John Welles’s first day of school at the University of Maryland was marred by a bad case of nerves. His Aunt Prudence eased the situation by planning a large, country-style breakfast like those John used to enjoy as a boy on the farm. Unfortunately, Prudence couldn’t cook to save her life, but the rich socialite didn’t trouble herself with such minor details. Instead, she wisely placed all responsibility for any culinary success upon her brilliant cook, Lucia.
The ever-observant Lucia knew there was more troubling John than new school jitters. She calmed his distress by preparing his favorite dishes including pan-fried pork chops, fried apples, buttermilk biscuits, and fried eggs. The following recipe for pork chops is the one I had in mind for the above-mentioned scene. The originator of the recipe is the type of cook who doesn’t measure as she creates, preferring to cook by taste, smell, and sight. I watched closely, and being a good judge of quantity, I copy-catted her recipe for this post.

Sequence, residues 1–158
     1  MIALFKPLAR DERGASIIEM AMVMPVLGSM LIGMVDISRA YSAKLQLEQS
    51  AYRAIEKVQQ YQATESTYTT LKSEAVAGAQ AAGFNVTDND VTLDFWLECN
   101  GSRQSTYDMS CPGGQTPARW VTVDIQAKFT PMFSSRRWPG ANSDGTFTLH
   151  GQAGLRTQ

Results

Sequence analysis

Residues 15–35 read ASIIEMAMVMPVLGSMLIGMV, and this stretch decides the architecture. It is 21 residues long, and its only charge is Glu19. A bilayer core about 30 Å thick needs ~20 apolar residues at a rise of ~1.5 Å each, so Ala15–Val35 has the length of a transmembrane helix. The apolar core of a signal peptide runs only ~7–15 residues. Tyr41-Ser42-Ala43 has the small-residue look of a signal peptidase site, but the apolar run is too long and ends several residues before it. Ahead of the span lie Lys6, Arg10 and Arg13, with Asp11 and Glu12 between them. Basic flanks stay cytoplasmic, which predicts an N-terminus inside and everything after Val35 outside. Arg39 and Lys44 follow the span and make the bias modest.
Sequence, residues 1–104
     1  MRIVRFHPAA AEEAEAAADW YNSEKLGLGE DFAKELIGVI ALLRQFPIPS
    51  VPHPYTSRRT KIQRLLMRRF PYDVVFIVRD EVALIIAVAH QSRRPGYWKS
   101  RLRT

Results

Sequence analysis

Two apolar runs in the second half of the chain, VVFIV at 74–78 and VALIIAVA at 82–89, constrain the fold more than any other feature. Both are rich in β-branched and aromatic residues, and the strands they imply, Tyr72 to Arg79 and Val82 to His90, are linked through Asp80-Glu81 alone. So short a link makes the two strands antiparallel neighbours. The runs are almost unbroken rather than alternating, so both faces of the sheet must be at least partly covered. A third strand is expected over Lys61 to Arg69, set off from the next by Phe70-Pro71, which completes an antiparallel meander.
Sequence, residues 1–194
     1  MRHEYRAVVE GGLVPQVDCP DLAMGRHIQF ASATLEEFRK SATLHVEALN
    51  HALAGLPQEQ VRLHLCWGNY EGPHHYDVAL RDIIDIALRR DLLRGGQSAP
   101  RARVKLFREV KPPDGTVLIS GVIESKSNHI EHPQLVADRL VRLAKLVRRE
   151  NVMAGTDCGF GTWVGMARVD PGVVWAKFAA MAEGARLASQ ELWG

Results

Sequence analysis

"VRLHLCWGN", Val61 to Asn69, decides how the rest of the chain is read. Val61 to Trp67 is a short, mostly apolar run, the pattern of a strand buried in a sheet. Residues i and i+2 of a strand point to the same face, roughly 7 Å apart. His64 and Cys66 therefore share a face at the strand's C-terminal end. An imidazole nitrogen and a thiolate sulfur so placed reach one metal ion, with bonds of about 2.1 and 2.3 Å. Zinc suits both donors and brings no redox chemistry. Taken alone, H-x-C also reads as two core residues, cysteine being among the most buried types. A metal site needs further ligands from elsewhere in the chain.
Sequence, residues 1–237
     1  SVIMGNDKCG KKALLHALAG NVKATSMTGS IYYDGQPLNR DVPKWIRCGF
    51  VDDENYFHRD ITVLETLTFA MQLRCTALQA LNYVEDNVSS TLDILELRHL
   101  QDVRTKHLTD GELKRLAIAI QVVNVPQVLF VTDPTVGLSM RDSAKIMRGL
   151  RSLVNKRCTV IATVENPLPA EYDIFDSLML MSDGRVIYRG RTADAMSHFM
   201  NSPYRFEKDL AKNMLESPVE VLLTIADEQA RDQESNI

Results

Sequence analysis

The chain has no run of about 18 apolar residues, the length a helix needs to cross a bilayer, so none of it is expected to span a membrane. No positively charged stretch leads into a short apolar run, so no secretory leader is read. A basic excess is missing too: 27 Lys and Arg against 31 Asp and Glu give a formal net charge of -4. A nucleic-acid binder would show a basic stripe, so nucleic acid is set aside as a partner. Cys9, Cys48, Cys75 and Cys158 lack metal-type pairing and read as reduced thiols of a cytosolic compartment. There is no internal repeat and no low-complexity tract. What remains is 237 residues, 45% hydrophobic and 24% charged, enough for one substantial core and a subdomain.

2 center cut, bone-in pork chops
2 T olive oil
Approximately 1 c buttermilk
1 t honey
1 T rosemary
½ t salt
Several grinds of black pepper (I used quad-color peppercorns when preparing the chops.)
Rinse the pork chops and pat them dry. Don’t trim the fat as it will flavor the chops while cooking. You can trim them afterward if you desire.
Put 2 T of olive oil in a one-cup measure and fill with buttermilk to make a full cup. Pour into a mixing bowl and add the honey, salt, pepper, and rosemary. Whisk thoroughly.
Pour half the marinade in an 8 x 8 glass baking dish, add the chops, and pour the remaining marinade over the top. Cover with plastic wrap and marinate in the refrigerator at least four hours or overnight.
¼ c flour
2 T yellow cornmeal
½ t salt
¼ t garlic powder
¼ t onion powder
¼ – ½ t cumin
¼ freshly cracked black pepper (Again, I used quad-colored peppercorns.)
Combine the dry ingredients. Remove the chops from the marinade and drain them thoroughly. Dredge them through the coating mixture on each side.
2 T unsalted butter
Bring the butter and enough peanut oil to cover the bottom of a 12-inch cast iron skillet to a medium-high heat. Place the coated chops in the skillet and fry each side for eight minutes, turning in four-minute intervals, until they are no longer pink inside and the coating is crispy.
Serve with the suggested menu items for which I have provided recipes. This recipe can be increased as needed by doubling or tripling the quantities.